How I’m Going to Die

This has been bothering me for a while.  It is part of the reason I spend less time on the bike.   My days are numbered.  I’m convinced that I’m going to get killed by a car while riding my bike.

I’m not sure if it’s just pyschological. I’m getting older.  I have a family and children, so the stakes are higher.  I’ve been relatively lucky so far.  Maybe it’s that the traffic and drivers have gotten worse. Drivers are increasingly distracted.   I’ve read the university studies.  I have the proof.  I’ve watched the drivers checking email on their phones at traffic lights, or texting while driving.  (Sure, I’m a little guilty of being a distracted driver myself from time to time, too.)  Cars are faster.  Quiter.  Bigger. More powerful.  The roads are worse, especially in the Northeast, especially in the economic downturn, and it’s harder to find a clean, safe line (though this summer it looks like every road I ride is being worked on).

I’ve seen people doing all sorts of things while driving a car.  Reading the newspaper. Eating yogurt.  Putting on make-up.  Brushing and flossing.  Flipping through photos.  Smoking pot.  I’ve had drivers deliberately run me off the road and passengers throw beer cans and eggs at me.  I’ve been harrassed verbally.  It was worse years ago.  Before live broadcasts of the Tour de France and a certain cyclist became a household name, I often heard, “Get off the road, faggot!”  Now, I’m more likely to hear, “Go, Lance!”  If they even see me.

I’ve been lucky so far.  I don’t take so many risks anymore.  I remember back in the day flying down Broadway and into Times Square, cranking a 53 x 12 at 40 mph, in the dark, on my way home from the Central Park ride.  We’d run the red lights.  We’d go down one-way streets the wrong way.  Now I stop at the lights.  I don’t flip off the drivers.  I have more patience.

But I’ve had my incidents:

In college, I was hit by an 84-year old woman who didn’t see me coming and turned into me.   I went under her car.  She kept driving.  She drove over my leg.  I was lucky.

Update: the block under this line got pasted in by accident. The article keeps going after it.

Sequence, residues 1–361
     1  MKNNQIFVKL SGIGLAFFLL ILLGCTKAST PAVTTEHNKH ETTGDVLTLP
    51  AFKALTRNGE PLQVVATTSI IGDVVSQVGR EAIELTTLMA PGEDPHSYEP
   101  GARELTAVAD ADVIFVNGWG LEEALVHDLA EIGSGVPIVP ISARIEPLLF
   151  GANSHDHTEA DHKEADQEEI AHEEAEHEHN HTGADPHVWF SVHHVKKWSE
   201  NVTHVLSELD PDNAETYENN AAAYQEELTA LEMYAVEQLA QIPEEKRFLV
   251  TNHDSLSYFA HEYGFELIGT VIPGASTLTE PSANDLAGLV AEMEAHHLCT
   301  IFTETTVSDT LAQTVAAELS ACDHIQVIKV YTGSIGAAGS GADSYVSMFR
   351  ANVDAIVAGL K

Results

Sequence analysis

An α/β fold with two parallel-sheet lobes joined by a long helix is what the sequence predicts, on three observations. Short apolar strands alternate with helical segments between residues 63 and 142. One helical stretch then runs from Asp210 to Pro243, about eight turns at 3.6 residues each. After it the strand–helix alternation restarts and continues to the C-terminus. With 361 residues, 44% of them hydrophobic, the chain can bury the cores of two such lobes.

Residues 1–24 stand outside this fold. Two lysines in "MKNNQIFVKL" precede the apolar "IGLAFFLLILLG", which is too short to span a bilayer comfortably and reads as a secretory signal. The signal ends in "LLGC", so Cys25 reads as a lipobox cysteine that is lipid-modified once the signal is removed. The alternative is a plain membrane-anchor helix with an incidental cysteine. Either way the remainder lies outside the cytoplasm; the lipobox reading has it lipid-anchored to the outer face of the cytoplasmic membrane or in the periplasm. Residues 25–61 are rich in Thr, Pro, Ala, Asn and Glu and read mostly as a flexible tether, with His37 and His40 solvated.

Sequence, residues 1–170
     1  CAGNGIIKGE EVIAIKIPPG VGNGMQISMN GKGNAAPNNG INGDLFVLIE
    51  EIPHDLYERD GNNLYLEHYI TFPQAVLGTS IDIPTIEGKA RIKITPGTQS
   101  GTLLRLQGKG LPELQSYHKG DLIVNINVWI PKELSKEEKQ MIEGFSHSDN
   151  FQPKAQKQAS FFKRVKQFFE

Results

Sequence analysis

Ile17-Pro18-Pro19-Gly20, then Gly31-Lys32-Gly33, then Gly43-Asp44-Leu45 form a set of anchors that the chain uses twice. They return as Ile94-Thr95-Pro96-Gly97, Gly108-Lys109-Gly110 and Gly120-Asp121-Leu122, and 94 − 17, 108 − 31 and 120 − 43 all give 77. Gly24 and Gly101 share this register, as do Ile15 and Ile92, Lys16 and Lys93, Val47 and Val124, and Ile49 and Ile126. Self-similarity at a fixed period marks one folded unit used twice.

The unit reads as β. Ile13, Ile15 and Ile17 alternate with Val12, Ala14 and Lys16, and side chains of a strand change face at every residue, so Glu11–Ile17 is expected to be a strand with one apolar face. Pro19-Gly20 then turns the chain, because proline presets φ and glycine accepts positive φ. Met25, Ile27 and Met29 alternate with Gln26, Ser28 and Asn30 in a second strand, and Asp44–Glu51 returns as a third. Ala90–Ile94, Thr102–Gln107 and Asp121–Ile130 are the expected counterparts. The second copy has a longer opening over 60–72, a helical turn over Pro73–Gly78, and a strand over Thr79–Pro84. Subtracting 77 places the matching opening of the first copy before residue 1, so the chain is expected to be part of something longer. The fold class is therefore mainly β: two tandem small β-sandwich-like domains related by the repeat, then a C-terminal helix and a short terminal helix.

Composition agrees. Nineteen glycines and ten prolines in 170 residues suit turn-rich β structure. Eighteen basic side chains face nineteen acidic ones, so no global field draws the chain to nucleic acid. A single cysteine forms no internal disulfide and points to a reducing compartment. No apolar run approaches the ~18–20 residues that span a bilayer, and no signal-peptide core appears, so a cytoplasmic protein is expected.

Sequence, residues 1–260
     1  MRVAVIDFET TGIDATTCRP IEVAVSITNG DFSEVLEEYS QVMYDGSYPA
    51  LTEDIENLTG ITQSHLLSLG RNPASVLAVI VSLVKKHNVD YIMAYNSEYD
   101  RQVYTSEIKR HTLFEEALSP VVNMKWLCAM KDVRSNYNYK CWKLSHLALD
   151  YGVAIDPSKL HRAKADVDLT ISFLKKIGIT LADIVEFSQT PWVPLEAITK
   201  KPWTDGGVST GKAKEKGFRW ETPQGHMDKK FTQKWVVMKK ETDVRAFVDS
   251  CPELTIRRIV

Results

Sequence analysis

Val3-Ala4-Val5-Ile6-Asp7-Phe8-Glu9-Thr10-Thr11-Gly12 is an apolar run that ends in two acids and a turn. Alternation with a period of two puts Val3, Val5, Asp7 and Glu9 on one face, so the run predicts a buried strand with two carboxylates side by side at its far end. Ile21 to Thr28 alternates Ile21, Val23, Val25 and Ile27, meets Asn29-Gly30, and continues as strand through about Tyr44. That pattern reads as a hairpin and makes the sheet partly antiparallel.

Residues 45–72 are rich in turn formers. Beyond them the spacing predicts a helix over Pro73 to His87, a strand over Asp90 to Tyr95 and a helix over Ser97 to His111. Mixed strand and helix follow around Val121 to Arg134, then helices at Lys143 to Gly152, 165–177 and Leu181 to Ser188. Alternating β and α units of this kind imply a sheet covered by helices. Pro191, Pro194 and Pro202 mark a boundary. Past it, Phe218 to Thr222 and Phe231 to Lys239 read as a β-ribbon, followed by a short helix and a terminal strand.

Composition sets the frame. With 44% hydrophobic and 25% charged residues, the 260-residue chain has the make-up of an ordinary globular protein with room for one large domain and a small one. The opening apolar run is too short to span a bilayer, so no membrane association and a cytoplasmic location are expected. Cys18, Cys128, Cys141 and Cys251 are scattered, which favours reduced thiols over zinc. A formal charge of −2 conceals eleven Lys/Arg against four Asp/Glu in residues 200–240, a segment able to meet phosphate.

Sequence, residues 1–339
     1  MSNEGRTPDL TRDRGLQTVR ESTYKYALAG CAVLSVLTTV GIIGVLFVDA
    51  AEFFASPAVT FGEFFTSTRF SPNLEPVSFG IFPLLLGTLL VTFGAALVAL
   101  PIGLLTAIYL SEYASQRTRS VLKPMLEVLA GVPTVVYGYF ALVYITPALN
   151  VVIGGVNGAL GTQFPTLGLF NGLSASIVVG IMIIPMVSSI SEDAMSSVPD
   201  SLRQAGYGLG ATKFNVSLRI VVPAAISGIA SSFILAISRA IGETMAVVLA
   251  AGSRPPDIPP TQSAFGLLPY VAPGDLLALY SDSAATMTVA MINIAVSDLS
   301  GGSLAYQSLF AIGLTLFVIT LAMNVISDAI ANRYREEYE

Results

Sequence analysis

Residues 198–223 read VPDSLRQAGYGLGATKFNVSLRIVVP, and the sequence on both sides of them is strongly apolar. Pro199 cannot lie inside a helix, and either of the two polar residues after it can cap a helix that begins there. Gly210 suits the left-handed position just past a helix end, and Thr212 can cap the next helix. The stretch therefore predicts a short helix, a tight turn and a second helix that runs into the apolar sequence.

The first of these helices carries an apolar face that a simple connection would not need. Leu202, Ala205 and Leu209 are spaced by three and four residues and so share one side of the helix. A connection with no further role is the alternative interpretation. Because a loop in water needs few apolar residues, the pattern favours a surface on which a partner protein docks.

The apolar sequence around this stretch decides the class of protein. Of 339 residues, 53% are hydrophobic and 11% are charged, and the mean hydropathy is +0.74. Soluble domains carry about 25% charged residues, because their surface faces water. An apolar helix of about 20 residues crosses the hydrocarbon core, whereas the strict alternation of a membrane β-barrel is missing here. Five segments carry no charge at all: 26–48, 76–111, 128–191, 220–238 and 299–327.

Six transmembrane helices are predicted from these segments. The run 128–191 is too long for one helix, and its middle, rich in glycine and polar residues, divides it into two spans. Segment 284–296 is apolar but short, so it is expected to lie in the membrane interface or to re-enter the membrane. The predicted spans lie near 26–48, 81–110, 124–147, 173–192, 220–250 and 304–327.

On Christmas Eve, training as an elite racer, I got hit by a guy rushing to the liquor store before it closed.  I was tossed 15 feet and smashed my hip on the tarmac.  I spent that holiday in hospital. It took 6 months of physical therapy to get back to normal.  The bike — a beautiful team-issue Richard Sachs Strada Immaculata — took the brunt of it.  I was lucky.

More recently, I was doored, went flying and landed on my knee.  I spent a year in PT trying to fix it.  There was surgery.  Eventually, I had to stop riding altogether.  That ended my third comeback.  But I was lucky.

In most of the above cases, I was determined to be at-fault because I was on a bike.  Because it was my choice to be there on a bike.

At some point, my luck will run out.  I’ll join friends and teammates and untold others who’ve been killed on the bike.  I’ll be eulogized for dying while doing something I love.  But this won’t be accurate.  While I love the bike, love flying through tight corners, love descending mountain passes, there’s no love to be found beneath the wheels of a car or truck.


2 thoughts on “How I’m Going to Die

  1. Wow, sounds like you live in a pretty bicycle-unfriendly place! Not that it’s perfect, but I live in Ottawa, Ontario and it is considerably safer than where you are, I think. A person can commute from suburbs all the way to the downtown core on bike paths, which makes for a pretty safe commute. Let’s hope you are like a cat and have nine lives.

    • The Boston-area is not so unfriendly. I’ve ridden in worse places. The issue is less about geography and more about increasing driver distraction. Ottawa is nice, too. I raced the Tour de Hull years ago.

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